Transitioning Young-Adult Perspectives of Home: A Physical Place and A Mental Space?

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Rebecca Overmyer-Velazquez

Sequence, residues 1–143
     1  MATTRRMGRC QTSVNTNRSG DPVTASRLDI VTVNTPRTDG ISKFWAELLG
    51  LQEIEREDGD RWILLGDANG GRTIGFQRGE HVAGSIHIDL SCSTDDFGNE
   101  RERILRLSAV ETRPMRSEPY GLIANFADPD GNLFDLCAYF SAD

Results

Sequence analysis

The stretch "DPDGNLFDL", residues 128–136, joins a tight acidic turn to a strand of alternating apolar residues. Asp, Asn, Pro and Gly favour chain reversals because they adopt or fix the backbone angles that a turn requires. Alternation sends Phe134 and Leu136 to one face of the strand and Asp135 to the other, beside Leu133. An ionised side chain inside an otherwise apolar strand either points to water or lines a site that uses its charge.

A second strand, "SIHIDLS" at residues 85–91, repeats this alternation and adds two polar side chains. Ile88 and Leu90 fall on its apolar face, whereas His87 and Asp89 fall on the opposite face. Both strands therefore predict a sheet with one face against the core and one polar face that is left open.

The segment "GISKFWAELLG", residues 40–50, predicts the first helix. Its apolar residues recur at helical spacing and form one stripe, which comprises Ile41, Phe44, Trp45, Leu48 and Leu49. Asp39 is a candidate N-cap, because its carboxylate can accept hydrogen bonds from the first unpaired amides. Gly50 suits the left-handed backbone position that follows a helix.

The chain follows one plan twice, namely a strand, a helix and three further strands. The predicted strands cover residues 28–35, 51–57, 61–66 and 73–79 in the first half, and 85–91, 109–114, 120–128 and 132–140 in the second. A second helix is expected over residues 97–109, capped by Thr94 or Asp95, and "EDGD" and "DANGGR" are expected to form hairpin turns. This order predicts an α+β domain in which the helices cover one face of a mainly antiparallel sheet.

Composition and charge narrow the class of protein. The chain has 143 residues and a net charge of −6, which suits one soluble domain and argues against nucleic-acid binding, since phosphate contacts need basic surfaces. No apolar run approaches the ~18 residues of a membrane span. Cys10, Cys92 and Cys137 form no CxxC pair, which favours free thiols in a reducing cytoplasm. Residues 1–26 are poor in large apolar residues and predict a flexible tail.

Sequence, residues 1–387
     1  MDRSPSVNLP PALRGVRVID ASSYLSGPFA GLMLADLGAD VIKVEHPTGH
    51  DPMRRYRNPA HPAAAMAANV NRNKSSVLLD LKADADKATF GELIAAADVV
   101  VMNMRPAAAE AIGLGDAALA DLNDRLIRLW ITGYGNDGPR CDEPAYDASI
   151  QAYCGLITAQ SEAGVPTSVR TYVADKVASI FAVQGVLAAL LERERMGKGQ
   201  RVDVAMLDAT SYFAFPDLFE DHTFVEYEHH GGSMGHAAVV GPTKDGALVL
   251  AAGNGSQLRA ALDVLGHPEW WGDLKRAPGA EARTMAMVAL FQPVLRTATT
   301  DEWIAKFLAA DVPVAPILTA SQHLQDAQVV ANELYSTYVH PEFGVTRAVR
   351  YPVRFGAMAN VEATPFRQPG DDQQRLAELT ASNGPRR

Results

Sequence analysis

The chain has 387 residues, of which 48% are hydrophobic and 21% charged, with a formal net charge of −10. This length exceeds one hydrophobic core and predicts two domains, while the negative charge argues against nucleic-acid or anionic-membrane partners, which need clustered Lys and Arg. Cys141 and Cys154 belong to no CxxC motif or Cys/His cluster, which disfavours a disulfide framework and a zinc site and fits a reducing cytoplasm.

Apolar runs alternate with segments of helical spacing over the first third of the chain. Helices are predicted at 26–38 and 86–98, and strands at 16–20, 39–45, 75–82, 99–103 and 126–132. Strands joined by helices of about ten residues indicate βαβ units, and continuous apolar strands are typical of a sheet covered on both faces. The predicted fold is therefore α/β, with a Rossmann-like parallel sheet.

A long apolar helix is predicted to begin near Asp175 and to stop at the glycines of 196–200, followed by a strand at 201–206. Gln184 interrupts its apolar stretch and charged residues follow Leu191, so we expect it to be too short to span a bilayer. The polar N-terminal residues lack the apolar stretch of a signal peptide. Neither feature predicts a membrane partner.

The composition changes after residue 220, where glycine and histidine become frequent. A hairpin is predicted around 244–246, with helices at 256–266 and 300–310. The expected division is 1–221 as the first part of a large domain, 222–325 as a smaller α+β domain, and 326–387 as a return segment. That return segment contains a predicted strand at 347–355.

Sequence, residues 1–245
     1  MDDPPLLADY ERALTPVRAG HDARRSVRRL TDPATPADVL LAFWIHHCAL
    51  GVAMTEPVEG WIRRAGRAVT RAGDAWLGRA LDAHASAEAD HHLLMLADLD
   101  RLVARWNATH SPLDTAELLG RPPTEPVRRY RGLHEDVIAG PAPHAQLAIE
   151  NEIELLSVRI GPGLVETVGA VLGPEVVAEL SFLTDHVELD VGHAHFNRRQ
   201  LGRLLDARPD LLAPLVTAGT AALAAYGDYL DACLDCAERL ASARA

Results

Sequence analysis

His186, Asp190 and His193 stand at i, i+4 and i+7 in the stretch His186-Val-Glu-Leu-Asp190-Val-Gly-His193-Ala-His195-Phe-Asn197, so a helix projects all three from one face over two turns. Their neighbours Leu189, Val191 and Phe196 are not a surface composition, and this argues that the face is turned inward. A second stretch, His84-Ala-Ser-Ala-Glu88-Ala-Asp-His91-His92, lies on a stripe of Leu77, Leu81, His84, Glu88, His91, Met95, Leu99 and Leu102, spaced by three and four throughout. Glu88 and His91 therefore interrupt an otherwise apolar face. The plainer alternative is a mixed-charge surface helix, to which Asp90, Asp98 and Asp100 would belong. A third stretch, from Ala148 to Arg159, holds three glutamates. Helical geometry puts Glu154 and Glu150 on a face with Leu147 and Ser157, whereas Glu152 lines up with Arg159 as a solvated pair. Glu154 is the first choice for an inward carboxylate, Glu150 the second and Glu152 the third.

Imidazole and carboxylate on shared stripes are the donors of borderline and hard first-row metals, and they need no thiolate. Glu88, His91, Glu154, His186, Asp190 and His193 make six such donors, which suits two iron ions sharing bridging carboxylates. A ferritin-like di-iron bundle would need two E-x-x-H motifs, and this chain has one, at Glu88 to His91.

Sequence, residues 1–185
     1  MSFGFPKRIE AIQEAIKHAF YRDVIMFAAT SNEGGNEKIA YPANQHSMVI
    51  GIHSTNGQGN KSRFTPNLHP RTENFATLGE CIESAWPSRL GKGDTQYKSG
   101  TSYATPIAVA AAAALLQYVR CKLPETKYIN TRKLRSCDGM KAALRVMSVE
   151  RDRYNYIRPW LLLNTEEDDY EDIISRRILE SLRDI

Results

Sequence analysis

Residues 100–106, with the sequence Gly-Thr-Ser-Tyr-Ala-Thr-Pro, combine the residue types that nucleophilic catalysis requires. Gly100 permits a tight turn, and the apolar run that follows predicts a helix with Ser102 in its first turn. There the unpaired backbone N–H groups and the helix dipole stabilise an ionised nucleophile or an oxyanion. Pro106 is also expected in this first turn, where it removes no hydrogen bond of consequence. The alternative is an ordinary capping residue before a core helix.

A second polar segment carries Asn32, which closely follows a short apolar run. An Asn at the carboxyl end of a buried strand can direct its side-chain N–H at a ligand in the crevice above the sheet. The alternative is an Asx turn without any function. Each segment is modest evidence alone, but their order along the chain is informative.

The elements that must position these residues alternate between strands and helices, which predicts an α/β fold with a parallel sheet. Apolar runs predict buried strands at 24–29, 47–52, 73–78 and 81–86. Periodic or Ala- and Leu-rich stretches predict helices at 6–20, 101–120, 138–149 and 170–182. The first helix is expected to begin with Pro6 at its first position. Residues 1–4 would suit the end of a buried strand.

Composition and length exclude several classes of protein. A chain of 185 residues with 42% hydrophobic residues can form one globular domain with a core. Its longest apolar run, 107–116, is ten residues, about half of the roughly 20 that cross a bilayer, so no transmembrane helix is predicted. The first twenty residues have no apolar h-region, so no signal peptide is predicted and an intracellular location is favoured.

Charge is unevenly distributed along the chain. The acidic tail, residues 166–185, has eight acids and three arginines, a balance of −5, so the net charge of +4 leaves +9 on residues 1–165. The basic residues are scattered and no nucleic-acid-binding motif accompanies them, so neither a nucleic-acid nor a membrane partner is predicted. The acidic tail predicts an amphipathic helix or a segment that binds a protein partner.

There are many different perspectives of what a “home” means, especially at a pivotal time in a person’s life such as college. Some say that a home is where your family is, and others say you must make a home wherever you are. For young-adults today, that perspective has a multitude of factors distinct to their understanding of the world, which disrupts the conventional definition of the term. Previous research has studied the understanding of home-making, and even why young adults move back home. I use 8 in-depth interviews to gain information on what students transitioning into adulthood consider “home” to be, where they believe that exists, and why this perspective is new. These interviews are to ground the way one talks about home in context to better understand their modern definition of home as a social construct or physical space. The students I worked with are attending college as undergraduates during their final months, or had recently graduated after their interview with me. They range from those who live within the city of the college, to students from around the country who have moved onto campus for college, to students who have traveled abroad. The majority of my findings show that the idea of having one’s own space, accessibility, and comfortability are major factors in what a home means to young adults. The concept of home for young-adults during this time period is a very unique perspective that holds more than the idea of one physical space as “home.” This interdisciplinary research will be used to develop an ethnographic piece on the the physical and psychological implications of these students’ understanding of “home” during a life transition.


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